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2012 May Rank As 2nd Most Disastrous Year Since 1980

With about six weeks remaining in the year, there have already been 11 natural disasters that have cost $1 billion or more in damage, bringing 2012 to second place on the list of top billion-dollar disaster years. The current record-holder is 2011, when there were 14 billion-dollar disasters. The widespread and intense drought — which as of Nov. 6 still covered at least 60 percent of the lower 48 states — and Hurricane Sandy are expected to go down in history as two of the most costly weather-related disasters since 1980.

Photo of coastal flooding in Mantoloking, N.J., taken from an Air National Guard helicopter.
Credit: NJNG/Scott Anema.

The drought alone is expected to cut economic growth by up to 1 percentage point this year, largely due to drops in farm inventories, according to a Bloomberg News report. The last drought that was of comparable intensity occurred in 1988, and it resulted in nearly $40 billion in damages.

The statistics for this year so far are preliminary, and come from news accounts and insurance industry estimates. The National Oceanic and Atmospheric Administration (NOAA), which issues the official numbers, has opted to only release the final figures when they are available, rather than keep a running tally as they have done in previous years.

The 11 Billion-Dollar Disasters in 2012
Date Type  Location Damage
Estimates
March
2-3
Severe 
Weather
Midwest 4+
billion
April 
2-4
Severe
Weather
Texas 1.3+
billion
April 
13-15
Severe
Weather
Plains, Midwest 1.75+
billion
April 
28-29
Severe
Weather
Midwest 3.25+
billion
May 
25-30
Severe
Weather
Plains, Midwest,
Northeast
2.5+
billion
June 1-
Sept. 30
Drought U.S. **Billions+
June 
6-7
Severe
Weather
Colorado,
Wyoming
1.6+
billion
June 
11-13
Severe
Weather
Texas,
New Mexico
1.75+
billion
June 28-
July 2
Severe
Weather
Midwest,
Mid-Atlantic,
Plains
3.75+
billion
Aug.
26 - 31
Hurricane
Isaac
Gulf Coast 2+
billion
October
27-31
Hurricane
Sandy 
Northeast 50+
billion

** No official estimates available as of yet
Credit: AON Benfield except for Hurricane Sandy which is
early estimates based on news reports

According to AON Benfield, a reinsurance company that provides forecasts about the total losses from extreme weather events and other disasters, there were 10 disasters with losses of $1 billion or more through the end of September. But that tally was made before Hurricane Sandy slammed into the New Jersey coast on Oct. 29, causing at least $50 billion in damage with some estimates putting the final tally much higher than that.

As was the case in 2011, most of the billion-dollar events consist of severe thunderstorm and tornado outbreaks, including a tornado outbreak in early March that caused $4 billion or more in damage, according to AON Benfield.

Hurricane Isaac, which made landfall in southeast Louisiana in late August, cost at least $2 billion, the company’s report said.

Disaster loss data can reflect the frequency and/or intensity of extreme weather and climate events, but socioeconomic factors, such as population growth and coastal development, for example, also influence the data. In addition, historical data on billion-dollar disasters can be biased based on how one adjusts for inflation, and NOAA has been scrutinizing its data closely in the wake of criticism in 2011.

Objective measures of weather and climate phenomena, such as the drought and Hurricane Sandy, show that these events were extraordinary in the context of meteorological history. The Climate Extremes Index, which measures precipitation and temperature extremes across the U.S., was at its second-highest level for the year through the end of October, according to NOAA. The Climate Extremes Index was at 38 percent during the January-through-October period, meaning that 38 percent of the contiguous U.S. experienced top 10 percent and bottom 10 percent extremes in temperature, precipitation, and drought during that period. That was about twice the typical value for the period.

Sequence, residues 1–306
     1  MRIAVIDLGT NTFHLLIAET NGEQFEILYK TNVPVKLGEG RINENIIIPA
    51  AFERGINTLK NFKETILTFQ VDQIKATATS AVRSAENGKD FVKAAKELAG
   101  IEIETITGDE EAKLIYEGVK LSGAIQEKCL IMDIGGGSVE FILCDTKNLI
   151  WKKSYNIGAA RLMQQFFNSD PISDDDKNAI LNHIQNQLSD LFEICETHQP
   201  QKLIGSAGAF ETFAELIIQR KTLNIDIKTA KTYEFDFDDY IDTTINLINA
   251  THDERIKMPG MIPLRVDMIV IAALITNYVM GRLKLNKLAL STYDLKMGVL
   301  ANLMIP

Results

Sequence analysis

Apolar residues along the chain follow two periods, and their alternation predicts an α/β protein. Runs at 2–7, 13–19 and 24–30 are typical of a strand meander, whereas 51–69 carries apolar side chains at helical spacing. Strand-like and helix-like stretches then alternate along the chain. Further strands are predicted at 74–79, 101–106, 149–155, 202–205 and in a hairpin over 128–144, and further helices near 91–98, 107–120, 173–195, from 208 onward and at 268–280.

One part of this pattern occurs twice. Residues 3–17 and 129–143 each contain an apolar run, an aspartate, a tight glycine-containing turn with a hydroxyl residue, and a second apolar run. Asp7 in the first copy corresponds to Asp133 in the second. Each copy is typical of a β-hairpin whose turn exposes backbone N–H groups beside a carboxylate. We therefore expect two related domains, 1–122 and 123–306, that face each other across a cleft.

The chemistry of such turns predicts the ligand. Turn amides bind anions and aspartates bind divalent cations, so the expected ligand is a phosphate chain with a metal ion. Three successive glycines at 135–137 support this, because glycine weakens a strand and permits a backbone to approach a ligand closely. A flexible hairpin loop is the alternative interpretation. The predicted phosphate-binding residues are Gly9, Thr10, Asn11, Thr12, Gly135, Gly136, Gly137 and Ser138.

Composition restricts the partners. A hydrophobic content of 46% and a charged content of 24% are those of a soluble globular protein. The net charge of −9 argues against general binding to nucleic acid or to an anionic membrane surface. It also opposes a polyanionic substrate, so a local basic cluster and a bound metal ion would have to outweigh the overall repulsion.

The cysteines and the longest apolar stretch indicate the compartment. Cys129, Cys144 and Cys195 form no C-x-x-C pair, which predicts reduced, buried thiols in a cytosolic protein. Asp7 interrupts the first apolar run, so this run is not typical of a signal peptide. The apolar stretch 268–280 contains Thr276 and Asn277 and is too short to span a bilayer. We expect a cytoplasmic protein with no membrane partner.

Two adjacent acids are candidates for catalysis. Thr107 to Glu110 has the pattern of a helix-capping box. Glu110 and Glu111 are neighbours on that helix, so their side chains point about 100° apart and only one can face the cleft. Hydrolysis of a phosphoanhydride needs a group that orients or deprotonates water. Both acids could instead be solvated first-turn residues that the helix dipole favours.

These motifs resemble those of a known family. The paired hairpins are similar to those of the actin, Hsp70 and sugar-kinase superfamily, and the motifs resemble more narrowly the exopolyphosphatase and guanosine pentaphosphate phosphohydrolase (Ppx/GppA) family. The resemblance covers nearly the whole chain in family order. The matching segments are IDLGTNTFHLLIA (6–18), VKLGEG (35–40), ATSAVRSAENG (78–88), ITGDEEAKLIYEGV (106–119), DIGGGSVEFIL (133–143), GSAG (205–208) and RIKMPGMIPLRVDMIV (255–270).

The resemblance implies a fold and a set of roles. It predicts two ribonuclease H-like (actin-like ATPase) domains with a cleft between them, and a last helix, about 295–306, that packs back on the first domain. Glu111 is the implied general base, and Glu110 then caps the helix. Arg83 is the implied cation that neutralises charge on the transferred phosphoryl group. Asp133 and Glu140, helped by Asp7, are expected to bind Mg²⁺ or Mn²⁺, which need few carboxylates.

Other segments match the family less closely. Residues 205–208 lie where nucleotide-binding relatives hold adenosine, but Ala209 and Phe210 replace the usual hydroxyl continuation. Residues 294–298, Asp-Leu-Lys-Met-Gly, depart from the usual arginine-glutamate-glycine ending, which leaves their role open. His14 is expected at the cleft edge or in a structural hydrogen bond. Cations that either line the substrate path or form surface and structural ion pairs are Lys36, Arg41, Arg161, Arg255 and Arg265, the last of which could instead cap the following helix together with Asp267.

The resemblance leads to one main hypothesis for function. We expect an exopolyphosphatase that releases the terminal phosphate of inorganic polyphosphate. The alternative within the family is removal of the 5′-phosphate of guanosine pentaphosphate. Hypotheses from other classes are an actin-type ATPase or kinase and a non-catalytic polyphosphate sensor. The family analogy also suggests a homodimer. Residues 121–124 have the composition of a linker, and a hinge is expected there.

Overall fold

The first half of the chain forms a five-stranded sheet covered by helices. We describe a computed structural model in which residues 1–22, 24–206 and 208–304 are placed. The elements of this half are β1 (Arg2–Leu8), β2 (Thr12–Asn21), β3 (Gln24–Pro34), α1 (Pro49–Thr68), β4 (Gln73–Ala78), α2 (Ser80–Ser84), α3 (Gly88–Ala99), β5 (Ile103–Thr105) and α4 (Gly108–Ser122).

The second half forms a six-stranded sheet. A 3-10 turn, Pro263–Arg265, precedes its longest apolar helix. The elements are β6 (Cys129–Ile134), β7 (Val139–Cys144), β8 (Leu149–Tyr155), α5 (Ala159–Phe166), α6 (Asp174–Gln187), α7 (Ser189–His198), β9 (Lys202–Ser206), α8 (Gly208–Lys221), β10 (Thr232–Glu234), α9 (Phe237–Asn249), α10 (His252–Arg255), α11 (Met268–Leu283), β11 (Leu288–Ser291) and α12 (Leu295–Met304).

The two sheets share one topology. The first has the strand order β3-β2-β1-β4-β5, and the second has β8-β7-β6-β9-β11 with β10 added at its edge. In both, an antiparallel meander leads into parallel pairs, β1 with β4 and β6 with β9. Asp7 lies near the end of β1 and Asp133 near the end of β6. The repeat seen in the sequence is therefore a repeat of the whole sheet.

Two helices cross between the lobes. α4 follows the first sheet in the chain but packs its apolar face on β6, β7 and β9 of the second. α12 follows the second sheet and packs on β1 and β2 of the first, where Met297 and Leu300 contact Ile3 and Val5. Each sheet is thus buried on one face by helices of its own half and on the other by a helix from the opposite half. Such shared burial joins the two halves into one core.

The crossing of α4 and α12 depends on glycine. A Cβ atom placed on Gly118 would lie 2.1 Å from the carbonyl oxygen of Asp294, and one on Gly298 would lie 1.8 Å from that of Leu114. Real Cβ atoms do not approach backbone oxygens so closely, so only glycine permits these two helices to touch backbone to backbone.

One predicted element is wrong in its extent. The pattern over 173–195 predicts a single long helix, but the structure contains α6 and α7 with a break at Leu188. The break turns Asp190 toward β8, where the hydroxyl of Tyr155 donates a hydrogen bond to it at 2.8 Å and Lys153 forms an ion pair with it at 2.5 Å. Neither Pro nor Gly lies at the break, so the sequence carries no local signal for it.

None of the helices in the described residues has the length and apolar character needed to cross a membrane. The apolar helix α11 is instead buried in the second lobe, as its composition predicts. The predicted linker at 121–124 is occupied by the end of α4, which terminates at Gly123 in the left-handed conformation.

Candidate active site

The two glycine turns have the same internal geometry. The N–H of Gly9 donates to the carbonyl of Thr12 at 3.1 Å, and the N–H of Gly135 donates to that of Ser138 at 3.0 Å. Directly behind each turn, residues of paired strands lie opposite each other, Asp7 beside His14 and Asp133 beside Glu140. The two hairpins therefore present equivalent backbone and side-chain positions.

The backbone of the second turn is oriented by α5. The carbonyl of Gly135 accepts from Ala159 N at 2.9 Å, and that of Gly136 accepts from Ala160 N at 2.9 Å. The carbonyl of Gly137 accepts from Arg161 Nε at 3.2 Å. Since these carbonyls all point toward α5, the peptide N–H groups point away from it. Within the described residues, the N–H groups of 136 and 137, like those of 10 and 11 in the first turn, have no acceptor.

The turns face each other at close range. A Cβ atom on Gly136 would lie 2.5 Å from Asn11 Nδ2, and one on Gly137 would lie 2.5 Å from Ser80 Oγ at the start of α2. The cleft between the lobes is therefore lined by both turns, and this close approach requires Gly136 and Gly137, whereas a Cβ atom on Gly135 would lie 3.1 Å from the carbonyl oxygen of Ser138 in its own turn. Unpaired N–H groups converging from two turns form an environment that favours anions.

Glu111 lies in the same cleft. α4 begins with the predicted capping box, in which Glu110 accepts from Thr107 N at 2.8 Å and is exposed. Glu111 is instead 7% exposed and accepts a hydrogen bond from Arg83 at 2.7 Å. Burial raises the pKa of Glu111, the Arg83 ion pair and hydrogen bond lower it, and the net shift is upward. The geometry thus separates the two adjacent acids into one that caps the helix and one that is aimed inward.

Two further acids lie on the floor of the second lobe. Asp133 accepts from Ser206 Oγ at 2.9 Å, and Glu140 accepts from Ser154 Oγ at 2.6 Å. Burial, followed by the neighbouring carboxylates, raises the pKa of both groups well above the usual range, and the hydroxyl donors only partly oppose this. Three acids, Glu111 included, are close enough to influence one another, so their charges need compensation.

Related Links
How Global Warming Made Hurricane Sandy Worse 
Ongoing Coverage of Hurricane Sandy
Hurricane Sandy Paralyzes New York, New Jersey 
Ongoing Coverage of Historic Drought in U.S. 
Ongoing Coverage of Earth's Polar Regions
Drought Still Afflicting Nearly 60 Percent of U.S.

Comments

By Mary E Harte (94708)
on November 14th, 2012

How do the stats line up for the year racking up the most costs from climate change to date?

2012 looks like it is, by far and away, the costliest year so far,  in terms of total US costs of damage from climate change, when you add up the many billions in damage from both the US drought AND Hurricane Sandy…..  and the economic bottom line is what people will feel most…

Reply to this comment

By Windy
on November 27th, 2012

Would lower CO2 below 350 PPM have prevented this? No. In fact if the 1926 Miami hurricane were to revisit Miami today the damage would be $170 billion. There is zero evidence that climate change is increasing loss damage from storms. It is the expansion of wealth and population in high risk storm locations that is the cause of increased loss damage cost. Lowering CO2 will do nothing in the 21st century to alter this whereas reduce wealth and population growth in high risk locations would. The alternative is to create surge barriers and storm proof these high risk areas to a much higher degree. We need to also look at the insanity of providing government subsidized insurance to wealthy individuals that choose to knowingly live in harms way on the sea shores. Why should the middle class pay for the rich to live on the coasts? Unless you punish behavior that increases loss damage costs you will see a continued growth of wealthy people and developers continuing to build expensive homes and commercial properties in dangerous locations.

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